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A Tool for the Computation of Worst Case Task Execution Times

P. Puschner and A. Schedl

Institut f?ur Technische Informatik

Technical University of Vienna

Vienna, A-1040 Austria


In modern programming environments for real-time software the presence of task timing analysis tools has become state of the art. Upon the results produced by these tools programmers judge whether software being developed meets the specified timing requirements. In this paper we present a new task timing analysis tool for MARS. This tool not only allows to compute worst case execution time bounds of high quality. It also produces detailed information about the extent to which every statement contributes to this bound and allows to experiment with hypothetical times. These properties of the timing analysis tool allow to make execution time information an integral part of the entire programming process.

1 Introduction

One of the central parameters in the design and implementation of predictable real-time applications is the maximum execution time (MAXT) of the tasks involved. During the design estimates for the MAXTs of tasks are used to make feasibility studies, to determine the needed resources, to plan the timing of interactions between tasks, and to allocate tasks to processing units. In the implementation phase, these estimates become time budgets that have to be met by the tasks. The MAXTs of those tasks must not exceed the allotted times.

Several research projects yielded methodologies and tools for the computation of task execution time bounds [1, 3, 4, 6, 7]. While these approaches are very valuable to compute the execution time of entire, fully implemented tasks, we want to give the programmer more detailed information about the code's timing. Also, we want to let the programmer know about the timing during the whole programming process, not just at the end.
A promising way to achieve the above-mentioned

goal is to provide a programming environment that allows an easy exchange of information about a task's behavior and detailed timing information between the user and the environment. This demand establishes requirements for the task timing analysis tool of the programming environment: This timing analysis tool must be able to a) process programs supplemented with constructs which describe restrictions on the possible execution paths, b) compute bounds for the worst case execution times of programs and program parts that are close to the real execution times, and c) provide information to identify those parts of a program whose improvements are most promising to get along with the given amount of time.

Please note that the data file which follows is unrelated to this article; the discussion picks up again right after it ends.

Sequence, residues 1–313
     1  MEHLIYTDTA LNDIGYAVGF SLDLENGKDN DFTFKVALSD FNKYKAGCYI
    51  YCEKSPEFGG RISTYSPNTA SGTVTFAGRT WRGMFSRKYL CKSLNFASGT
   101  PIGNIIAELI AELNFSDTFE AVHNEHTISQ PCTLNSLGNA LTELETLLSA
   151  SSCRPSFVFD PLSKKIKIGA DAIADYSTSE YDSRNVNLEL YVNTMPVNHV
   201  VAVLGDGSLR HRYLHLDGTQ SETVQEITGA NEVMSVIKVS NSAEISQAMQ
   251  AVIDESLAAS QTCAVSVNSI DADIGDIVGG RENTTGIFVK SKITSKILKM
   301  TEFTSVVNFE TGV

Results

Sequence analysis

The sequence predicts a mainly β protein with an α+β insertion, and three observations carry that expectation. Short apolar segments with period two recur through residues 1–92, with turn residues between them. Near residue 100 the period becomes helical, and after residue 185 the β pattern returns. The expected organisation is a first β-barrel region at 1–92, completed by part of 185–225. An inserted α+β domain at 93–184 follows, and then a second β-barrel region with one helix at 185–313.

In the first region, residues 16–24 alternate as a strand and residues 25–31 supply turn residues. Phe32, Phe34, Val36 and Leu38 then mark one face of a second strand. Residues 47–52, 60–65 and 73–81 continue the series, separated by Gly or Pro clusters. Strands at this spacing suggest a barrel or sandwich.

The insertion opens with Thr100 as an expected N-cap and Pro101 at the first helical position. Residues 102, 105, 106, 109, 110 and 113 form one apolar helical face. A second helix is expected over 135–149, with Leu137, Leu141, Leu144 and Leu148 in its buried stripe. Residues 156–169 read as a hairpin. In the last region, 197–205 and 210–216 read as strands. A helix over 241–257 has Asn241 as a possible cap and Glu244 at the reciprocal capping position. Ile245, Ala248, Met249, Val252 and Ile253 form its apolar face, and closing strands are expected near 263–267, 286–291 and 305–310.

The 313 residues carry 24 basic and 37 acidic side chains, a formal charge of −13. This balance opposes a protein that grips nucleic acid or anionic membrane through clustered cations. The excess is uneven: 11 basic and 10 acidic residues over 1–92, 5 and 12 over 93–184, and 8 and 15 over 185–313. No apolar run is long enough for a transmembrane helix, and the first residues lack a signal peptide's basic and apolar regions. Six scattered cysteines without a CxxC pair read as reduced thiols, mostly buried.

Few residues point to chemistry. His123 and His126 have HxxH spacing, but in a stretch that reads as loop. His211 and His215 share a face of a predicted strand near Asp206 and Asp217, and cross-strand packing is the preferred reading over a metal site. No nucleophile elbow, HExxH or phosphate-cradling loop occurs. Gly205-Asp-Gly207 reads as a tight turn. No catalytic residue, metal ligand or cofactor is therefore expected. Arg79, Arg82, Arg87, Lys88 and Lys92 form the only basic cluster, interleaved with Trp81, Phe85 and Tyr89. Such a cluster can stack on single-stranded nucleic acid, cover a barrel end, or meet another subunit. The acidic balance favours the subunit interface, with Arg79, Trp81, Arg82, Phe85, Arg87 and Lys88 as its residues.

This paper describes a novel task execution time analysis tool, the MAXT analyzer , which fulfills the above-mentioned requirements. It takes into account knowledge about limitations of the control flow through a program, such as loop bounds, break- and return-statements, and additional user-supplied information about impossible paths. From this input it does not only compute tight execution time bounds, but it also shows to which extent every single piece of code contributes to the overall worst case execution time.

The paper is structured as follows: In Section 2 we describe our assumptions about the task model. Section 3 sketches the requirements for the MAXT analyzer. In Section 4 and 5, the main part of this work, we describe the representation of timing data and the MAXT calculation algorithm. The paper is concluded in Section 6.

2 Framework and Assumptions

The described timing analysis tool is part of the MARS programming environment [5] for the MARS system [2]. It makes the following assumptions about tasks: